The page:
Saturday, November 30, 2013

Henri Cartier-Bresson (A Different Twist)

Here are some of my recent thoughts on Henri Cartier-Bresson. As a founder of Magnum, the photojournalist world rightfully embrace Henri Cartier-Bresson (1908-2004). His influence in that circle can never be underestimated. That said I think it can be beneficial to see his work and it's connection to the modernists he knew. Hence forth for brevity I will refer to him as HCB.

all images videos etc; property of various owners. Magnum, HCB foundation, Cartier-Bresson, etc

 HCB's first book with it's Matisse cover.

It is not that the fine art photo world did not embrace HCB (1908-2004). It's his similarity in commitment to the aesthetics he swam in that makes him much more like Edward Weston (1886-1958), than most would think. Weston (I'm guessing) is a man not generally studied in photojournalism circles. 

Anyone who understands Weston might argue they are in no way similar because Weston used a big slow camera and was considerably more plotting in his approach, while HCB used small fast cameras, was more intuitive in his approach. That is certainly true and their contributions at least on the surface seem quite different but.....


Weston and Cartier-Bresson together are almost like a linchpin into modern photography, much as say Cezanne and Van Gogh would be for painting. Weston and even more so Stieglitz (1864-1946) is generally regarded as the modern prototypical "fine art photographer".

It is very sad to see how many "photographers" to this day still have no particular knowledge of Mr. Stieglitz's contributions, his wife, painter Georgia O'Keeffe (1887-1986) and the undeniable impact his embracing of modern art had on all most every avenue of photography.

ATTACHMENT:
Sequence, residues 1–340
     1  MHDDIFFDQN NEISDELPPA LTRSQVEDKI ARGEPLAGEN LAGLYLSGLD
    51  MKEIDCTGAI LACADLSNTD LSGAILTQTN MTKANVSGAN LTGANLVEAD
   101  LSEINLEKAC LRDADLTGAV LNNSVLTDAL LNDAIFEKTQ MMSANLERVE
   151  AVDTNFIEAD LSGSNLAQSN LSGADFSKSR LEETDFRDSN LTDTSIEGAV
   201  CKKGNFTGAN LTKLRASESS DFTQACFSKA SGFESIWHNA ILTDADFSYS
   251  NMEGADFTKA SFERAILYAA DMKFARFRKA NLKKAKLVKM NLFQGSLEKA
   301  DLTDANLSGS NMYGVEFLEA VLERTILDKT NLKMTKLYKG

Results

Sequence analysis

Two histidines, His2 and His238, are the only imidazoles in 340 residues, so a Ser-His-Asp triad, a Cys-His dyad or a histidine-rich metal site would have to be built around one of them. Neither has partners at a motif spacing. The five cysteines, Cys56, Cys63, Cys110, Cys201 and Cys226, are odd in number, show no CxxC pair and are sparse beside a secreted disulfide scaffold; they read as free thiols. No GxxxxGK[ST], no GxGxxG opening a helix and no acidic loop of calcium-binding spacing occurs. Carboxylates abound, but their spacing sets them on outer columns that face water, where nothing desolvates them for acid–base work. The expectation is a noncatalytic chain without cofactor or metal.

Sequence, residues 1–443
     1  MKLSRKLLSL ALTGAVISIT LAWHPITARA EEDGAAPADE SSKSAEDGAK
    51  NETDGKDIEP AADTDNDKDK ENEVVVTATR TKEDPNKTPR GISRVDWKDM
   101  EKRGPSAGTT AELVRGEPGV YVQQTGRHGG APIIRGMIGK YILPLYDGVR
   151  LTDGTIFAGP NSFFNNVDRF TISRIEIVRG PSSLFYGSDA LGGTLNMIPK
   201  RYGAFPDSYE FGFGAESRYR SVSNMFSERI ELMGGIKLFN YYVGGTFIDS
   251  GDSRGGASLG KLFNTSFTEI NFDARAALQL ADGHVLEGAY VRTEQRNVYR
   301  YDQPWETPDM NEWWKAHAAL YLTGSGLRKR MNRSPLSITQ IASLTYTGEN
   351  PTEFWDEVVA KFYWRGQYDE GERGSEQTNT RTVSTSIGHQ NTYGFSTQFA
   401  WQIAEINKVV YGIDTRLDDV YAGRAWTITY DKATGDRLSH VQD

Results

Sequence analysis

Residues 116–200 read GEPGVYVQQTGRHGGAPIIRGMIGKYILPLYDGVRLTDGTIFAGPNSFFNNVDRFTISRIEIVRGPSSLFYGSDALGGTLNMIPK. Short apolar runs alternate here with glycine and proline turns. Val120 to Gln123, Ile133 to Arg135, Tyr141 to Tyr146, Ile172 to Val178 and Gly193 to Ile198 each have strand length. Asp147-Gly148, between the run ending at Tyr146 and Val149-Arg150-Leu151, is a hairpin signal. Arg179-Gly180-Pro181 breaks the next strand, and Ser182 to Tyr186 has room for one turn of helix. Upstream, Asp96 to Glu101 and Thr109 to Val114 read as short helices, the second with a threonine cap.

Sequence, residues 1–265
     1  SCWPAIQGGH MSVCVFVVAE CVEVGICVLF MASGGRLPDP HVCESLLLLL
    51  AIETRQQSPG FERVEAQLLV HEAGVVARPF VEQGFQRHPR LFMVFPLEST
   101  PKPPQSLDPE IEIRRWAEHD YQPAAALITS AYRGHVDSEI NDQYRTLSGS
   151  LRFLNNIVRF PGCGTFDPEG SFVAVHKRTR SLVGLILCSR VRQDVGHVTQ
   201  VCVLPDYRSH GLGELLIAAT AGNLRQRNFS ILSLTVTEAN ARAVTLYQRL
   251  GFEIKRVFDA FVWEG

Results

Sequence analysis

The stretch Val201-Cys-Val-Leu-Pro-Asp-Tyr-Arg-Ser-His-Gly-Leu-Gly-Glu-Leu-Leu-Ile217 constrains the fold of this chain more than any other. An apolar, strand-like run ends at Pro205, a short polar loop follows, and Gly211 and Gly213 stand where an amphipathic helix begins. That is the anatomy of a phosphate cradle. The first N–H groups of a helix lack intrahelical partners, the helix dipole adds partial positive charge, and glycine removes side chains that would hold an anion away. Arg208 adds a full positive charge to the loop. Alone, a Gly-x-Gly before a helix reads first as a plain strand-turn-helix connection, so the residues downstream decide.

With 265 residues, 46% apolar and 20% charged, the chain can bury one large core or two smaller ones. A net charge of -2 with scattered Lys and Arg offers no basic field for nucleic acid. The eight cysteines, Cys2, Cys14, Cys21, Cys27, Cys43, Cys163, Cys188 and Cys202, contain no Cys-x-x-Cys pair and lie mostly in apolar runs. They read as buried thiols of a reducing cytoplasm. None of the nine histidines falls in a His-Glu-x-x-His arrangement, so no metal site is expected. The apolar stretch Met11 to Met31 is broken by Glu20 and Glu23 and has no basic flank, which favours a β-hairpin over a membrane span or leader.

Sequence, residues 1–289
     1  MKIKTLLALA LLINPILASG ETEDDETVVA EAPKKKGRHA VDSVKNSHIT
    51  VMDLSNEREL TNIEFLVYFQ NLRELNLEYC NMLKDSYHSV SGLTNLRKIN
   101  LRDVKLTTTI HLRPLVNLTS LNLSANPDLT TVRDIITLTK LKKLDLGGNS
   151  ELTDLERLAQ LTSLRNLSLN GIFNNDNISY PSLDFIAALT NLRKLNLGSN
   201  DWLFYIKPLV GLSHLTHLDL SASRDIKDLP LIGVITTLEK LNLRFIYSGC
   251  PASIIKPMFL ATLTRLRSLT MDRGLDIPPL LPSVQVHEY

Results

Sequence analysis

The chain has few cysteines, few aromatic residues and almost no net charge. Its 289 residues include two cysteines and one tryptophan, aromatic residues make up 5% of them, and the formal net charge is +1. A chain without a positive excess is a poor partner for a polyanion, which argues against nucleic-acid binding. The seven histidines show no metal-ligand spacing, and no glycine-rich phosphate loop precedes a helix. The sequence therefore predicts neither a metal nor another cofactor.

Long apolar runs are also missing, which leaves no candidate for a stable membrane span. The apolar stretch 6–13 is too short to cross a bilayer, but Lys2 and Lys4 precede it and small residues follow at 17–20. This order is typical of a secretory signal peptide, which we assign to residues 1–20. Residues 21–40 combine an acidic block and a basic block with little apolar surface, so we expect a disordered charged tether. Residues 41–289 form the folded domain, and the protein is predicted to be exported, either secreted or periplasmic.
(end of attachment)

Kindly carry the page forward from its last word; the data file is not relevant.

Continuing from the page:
To note HCB was eventually deeply affected by his associations with many of the very modernists Mr. Stieglitz brought to his Manhattan galleries .  While most people at the time Steiglitz showed the artists were not open minded enough to digest what they had to offer.

Steiglitz 1907

While Weston was friends with Deigo Rivera, Robinson Jeffers, Henrietta Shore and a big fan of Brancusi, one must remember HCB's association with the artists Matisse, Picasso, Chagall, Giacometti and so on. HCB is an artist first a photographer second. His interest has always been pictures first, media second. * At the end of his career he tires of making photographs and spends his allotted earth time drawing.*

To me it seems his most interesting images are rarely his reportage images, in fact it is fascinating he tells Robert Capa "I am a surrealist" and Capa tells him "say your a photojournalist if you want to make photographs".  I am guessing here Capa means if you need food and shelter you will be better served by calling yourself a journalist. **

The idea of HCB calling himself a "journalist" is also clearly portrayed here 

In fact before he falls for photography, he struggles greatly to find a voice with painting HCB begins to relate a great deal to the surrealists.  At one point in Paris socialized with them, This is not a crowd your typical photojournalist in the making would break a lot of bread with.

The following quote is from Henri Cartier-Bresson: The Early Work by Peter Galassi  
"...The Surrealists recognized in plain photographic fact an essential quality that had been excluded from prior theories of photographic realism. They saw that ordinary photographs, especially when uprooted from their practical functions, contain a wealth of unintended, unpredictable meanings."


"In photography, the smallest thing can be a great subject.



The little human detail can become a leitmotiv."
Henri Cartier-Bresson




  Matisse about 1914-19




Matisse 1908

Matisse about 1912-18



Matisse about 1950-55